We’ve all read news articles describing the dire effects that human activity is having upon the oceans, from acidification of the water from climate change to how overfishing and pollution are destroying aquatic species. But it’s all driven home more powerfully by this ingenious rotating globe visualization created by NOAA scientists.

A screenshot from the graphic shows the human impact in color code. In the Western Hemisphere, only a small portion of the southeastern Atlantic Ocean still is the blue that denotes relatively low damage, while most of the rest of the waters are orange (medium damage) and portions of waters off the northeastern U.S. and northern Europe show high damage.

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About 80 percent of the pollution in the oceans actually starts on land. One major source is massive amounts of what scientists call nonpoint source pollution, basically runoff from various sources ranging from farms and construction sites to oil that leaks from cars and trucks and eventually makes its way to the ocean.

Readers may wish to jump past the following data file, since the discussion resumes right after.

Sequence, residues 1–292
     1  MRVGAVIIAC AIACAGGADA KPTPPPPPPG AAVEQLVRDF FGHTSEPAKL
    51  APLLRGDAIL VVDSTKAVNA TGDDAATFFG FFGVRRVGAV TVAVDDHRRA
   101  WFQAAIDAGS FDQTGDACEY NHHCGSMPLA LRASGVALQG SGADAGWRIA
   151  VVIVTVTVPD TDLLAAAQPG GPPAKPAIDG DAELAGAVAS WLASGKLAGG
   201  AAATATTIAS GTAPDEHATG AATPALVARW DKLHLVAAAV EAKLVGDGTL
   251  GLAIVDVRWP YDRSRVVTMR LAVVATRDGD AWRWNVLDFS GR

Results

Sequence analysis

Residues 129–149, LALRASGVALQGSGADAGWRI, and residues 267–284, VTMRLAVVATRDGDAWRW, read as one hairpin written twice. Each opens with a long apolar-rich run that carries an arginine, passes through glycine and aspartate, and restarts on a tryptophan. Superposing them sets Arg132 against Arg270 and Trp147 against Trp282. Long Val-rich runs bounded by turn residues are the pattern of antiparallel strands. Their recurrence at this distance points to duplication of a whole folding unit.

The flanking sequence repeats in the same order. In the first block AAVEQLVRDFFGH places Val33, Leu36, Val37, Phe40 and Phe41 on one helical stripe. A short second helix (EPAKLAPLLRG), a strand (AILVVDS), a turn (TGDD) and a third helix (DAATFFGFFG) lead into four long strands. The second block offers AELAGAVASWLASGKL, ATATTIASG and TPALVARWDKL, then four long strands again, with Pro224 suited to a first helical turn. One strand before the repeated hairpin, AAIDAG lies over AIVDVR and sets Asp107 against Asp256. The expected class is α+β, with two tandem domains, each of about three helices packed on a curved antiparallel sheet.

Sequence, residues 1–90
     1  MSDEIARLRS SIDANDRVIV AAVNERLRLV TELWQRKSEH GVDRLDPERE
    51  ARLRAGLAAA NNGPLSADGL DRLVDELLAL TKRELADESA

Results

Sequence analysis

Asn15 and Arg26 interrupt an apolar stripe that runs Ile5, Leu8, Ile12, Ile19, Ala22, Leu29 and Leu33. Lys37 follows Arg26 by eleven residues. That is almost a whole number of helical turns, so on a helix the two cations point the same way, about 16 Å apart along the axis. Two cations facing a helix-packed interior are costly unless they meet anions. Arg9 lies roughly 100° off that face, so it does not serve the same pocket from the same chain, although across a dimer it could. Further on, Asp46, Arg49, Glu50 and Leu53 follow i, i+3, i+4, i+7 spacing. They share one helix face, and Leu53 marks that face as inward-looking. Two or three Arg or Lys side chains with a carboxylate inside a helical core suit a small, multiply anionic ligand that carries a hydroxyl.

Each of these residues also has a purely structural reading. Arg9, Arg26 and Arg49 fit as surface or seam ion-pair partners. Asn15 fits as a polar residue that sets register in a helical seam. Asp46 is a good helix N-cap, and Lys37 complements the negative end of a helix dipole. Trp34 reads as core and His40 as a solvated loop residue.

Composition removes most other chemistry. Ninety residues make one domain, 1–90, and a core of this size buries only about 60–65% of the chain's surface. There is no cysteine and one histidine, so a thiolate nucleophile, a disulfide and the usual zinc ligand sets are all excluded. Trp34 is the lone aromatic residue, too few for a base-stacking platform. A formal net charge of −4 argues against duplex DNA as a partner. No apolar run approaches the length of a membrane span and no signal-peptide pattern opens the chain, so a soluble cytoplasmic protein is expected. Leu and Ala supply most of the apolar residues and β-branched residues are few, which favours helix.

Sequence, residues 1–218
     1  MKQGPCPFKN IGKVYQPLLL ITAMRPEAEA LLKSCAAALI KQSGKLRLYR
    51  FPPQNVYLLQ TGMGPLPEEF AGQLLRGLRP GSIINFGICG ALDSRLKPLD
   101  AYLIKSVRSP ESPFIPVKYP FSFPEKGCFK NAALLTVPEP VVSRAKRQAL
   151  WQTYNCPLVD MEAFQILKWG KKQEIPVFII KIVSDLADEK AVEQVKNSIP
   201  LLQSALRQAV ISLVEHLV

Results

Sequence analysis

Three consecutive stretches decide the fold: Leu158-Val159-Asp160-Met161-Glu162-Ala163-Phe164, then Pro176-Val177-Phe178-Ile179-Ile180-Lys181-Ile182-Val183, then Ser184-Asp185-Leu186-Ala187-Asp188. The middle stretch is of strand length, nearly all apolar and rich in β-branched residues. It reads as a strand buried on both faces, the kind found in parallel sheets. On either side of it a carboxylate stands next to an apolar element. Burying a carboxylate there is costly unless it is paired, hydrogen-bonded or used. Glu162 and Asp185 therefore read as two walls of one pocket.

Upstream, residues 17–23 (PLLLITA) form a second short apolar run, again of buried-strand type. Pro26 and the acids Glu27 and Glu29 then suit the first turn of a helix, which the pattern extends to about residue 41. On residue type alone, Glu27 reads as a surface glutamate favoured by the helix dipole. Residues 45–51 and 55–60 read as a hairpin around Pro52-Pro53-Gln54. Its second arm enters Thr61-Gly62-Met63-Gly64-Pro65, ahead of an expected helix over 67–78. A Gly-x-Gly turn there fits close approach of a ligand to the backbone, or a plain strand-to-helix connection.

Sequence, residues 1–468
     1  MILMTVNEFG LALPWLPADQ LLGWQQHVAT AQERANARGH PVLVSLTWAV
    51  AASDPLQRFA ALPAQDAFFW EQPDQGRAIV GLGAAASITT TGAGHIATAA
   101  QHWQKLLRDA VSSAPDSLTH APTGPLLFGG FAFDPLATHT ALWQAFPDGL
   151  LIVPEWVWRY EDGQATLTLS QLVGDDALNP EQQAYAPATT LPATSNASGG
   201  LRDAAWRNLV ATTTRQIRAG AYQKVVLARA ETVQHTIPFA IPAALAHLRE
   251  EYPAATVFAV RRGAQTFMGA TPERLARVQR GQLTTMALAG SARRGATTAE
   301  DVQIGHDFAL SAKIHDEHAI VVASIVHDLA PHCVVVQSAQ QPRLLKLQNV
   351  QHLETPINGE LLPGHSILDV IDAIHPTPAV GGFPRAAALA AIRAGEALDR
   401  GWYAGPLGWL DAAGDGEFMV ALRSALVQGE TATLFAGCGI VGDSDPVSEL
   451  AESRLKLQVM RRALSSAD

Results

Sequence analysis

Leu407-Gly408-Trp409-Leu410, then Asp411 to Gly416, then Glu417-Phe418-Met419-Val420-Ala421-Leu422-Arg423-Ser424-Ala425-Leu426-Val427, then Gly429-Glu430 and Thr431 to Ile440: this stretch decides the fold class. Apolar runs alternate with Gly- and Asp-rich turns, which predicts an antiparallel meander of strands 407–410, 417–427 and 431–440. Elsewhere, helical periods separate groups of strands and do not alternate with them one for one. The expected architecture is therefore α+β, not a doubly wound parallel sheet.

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Additionally, the massive amounts of carbon dioxide released by human activities such as the burning of coal and gasoline is harming the oceans. About a quarter of the C02 is absorbed by seawater. As a result, the chemical composition is changing and becoming more acidic, which makes it more difficult for fish, shellfish and other aquatic life to survive.

Large amounts of plastic trash and other refuse also find their way into the oceans, and now seem to be decomposing into tiny pieces that could pose an even greater threat to the oceans’ health.

NOAA’s website also offers other intriguing visualizations, including one that shows what the planet would look like without any water.

Photo: NOAA